Re-establishment of blood flow (reperfusion) through coronary arteries has reduced immediate death from acute myocardial infarctions (MI). However, the long-term complications in the chronic phase of MI, particularly chronic heart failure (CHF) culminating in major adverse cardiovascular events (MACE: hospitalization or death), have become epidemic. Currently, ~2 million MI patients in the US are living with CHF and their 5-year survival rate is < 50%. An important and long-established predictor of chronic heart failure is the acute MI size; but reducing acute MI size is limited by time to reperfusion. Over the past two decades, advances in cardiac MRI (CMR) have established that persistent microvascular obstruction (PMO) is another independent predictor of CHF. PMO is an acute feature of MI where microvascular blood flow to the MI territory is lost despite reperfusion. PMOs are estimated to be present in >60% of all acute MIs. Notably, results from an international consortium recently reported that the presence of PMO carries a 4-fold greater risk for MACE than acute MI size in the chronic period. Accordingly, therapeutic targeting of PMOs holds great promise for patients otherwise at risk of developing CHF. Yet, currently available post MI medications are not specific to patients with PMO; and they have not shown any incremental benefit to the patients with PMO over other MI types. Furthermore, although a significant effort has been spent on preventing PMO from occurring, it has not yet been possible to consistently achieve this. These observations have led to recent emphatic calls for improved understandings of how PMOs drive adverse remodeling in the chronic phase of MI so that effective therapeutics may be developed. Using animal models of chronic MI, in this proposal we aim to demonstrate that (a) PMOs resolve into iron crystals, which play a central role in driving the adverse remodeling; and (b) chelation of iron from the heart with deferiprone can significantly reduce adverse remodeling.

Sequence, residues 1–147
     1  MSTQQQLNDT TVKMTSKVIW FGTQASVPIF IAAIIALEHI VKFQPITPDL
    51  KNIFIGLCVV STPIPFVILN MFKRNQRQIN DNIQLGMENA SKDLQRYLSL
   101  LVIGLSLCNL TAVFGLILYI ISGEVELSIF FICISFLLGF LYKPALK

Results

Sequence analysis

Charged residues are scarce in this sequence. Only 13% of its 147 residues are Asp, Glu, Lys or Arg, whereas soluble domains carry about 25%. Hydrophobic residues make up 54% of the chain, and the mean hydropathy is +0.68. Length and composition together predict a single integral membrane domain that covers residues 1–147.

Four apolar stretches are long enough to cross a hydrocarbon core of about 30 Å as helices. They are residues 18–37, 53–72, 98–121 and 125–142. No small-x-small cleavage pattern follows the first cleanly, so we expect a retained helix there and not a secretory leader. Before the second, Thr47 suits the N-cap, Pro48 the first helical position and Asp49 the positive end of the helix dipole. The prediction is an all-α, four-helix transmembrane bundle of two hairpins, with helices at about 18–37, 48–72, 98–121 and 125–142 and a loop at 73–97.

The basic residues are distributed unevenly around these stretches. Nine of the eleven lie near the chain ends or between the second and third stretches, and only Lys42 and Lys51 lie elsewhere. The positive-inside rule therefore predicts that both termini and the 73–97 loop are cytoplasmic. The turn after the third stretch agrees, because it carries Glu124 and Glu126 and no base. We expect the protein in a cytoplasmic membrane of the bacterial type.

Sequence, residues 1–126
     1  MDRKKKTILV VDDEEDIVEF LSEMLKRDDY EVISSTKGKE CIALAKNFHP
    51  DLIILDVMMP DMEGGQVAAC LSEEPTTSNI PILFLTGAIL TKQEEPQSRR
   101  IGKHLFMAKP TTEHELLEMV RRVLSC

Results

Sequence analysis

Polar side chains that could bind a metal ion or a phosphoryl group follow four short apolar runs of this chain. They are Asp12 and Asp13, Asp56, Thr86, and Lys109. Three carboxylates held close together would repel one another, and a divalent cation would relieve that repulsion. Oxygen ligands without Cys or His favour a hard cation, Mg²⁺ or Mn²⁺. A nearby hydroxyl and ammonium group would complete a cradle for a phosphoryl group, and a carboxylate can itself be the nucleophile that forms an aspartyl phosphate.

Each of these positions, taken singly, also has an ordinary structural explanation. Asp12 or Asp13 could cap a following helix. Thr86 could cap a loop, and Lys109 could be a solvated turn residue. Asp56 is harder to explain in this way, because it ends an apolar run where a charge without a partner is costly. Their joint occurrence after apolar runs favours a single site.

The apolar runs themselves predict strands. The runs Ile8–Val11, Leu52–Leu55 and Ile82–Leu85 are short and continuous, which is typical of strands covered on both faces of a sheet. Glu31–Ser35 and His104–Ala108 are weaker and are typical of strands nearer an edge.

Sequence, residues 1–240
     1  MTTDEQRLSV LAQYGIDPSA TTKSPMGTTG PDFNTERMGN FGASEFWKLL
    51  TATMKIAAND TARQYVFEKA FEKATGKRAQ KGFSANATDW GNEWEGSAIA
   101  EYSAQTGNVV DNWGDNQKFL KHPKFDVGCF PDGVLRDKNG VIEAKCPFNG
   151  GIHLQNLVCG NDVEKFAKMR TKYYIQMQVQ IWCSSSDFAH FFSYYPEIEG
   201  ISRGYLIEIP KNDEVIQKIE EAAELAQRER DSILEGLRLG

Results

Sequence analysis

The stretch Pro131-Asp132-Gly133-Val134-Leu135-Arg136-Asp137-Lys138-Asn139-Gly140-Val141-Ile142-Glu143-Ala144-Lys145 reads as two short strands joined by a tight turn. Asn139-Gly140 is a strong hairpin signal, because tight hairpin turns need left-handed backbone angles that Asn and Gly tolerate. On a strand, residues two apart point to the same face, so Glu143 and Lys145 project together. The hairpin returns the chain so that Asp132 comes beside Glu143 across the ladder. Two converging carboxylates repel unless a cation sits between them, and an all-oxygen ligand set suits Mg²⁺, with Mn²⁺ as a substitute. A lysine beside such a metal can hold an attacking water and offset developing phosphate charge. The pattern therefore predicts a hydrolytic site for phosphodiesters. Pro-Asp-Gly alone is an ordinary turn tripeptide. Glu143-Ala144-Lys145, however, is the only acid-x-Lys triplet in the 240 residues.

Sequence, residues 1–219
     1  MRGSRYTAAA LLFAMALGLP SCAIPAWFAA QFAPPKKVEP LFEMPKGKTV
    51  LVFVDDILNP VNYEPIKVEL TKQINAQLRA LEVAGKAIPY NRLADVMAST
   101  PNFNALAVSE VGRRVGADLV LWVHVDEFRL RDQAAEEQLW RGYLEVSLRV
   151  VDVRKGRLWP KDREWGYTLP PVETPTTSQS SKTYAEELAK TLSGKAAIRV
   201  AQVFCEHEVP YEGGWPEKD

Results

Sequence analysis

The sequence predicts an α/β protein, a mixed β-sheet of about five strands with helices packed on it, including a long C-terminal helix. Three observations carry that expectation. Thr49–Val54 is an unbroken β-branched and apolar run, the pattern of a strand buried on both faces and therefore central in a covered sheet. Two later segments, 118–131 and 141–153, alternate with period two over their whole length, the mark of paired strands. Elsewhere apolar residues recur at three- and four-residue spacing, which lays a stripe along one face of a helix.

Aim 1 will develop a CMR approach for accurate quantification of iron within MI zones;
Aim 2 will demonstrate the mechanism driving the adverse remodeling;
and Aim 3 will show that reducing iron within MI reduces adverse remodeling. To address these Aims, this proposal brings together a group of experts in cardiac imaging (MRI and PET), macrophage biology, post infarction remodeling, iron-chelation therapy and chemistry. Successful completion of this proposal will significantly impact clinical care of MI patients as the proposed iron chelation therapy will be rapidly translatable owing to its established clinical profile for safety and efficacy in treating other cardiac iron disorders.

Public Health Relevance

Adverse remodeling of the heart is the key factor driving the post-infarction chronic heart failure epidemic in the US. The presence of persistent microvascular obstruction (PMO, the lack of blood flow in the microvascular bed despite reestablishment of blood flow in the epicardial arteries) in acute myocardial infarction (MI) has been identified as the best predictor of adverse remodeling leading to death or hospitalization in chronic phase of MI; however, how PMO contributes to adverse remodeling or how this may be prevented is unknown. This proposal aims to develop new mechanistic insights and test a rapidly translatable therapy in a clinically relevant animal model of MI.

National Institute of Health (NIH)
National Heart, Lung, and Blood Institute (NHLBI)
Research Project (R01)
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Medical Imaging Study Section (MEDI)
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Danthi, Narasimhan
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Cedars-Sinai Medical Center
Los Angeles
United States
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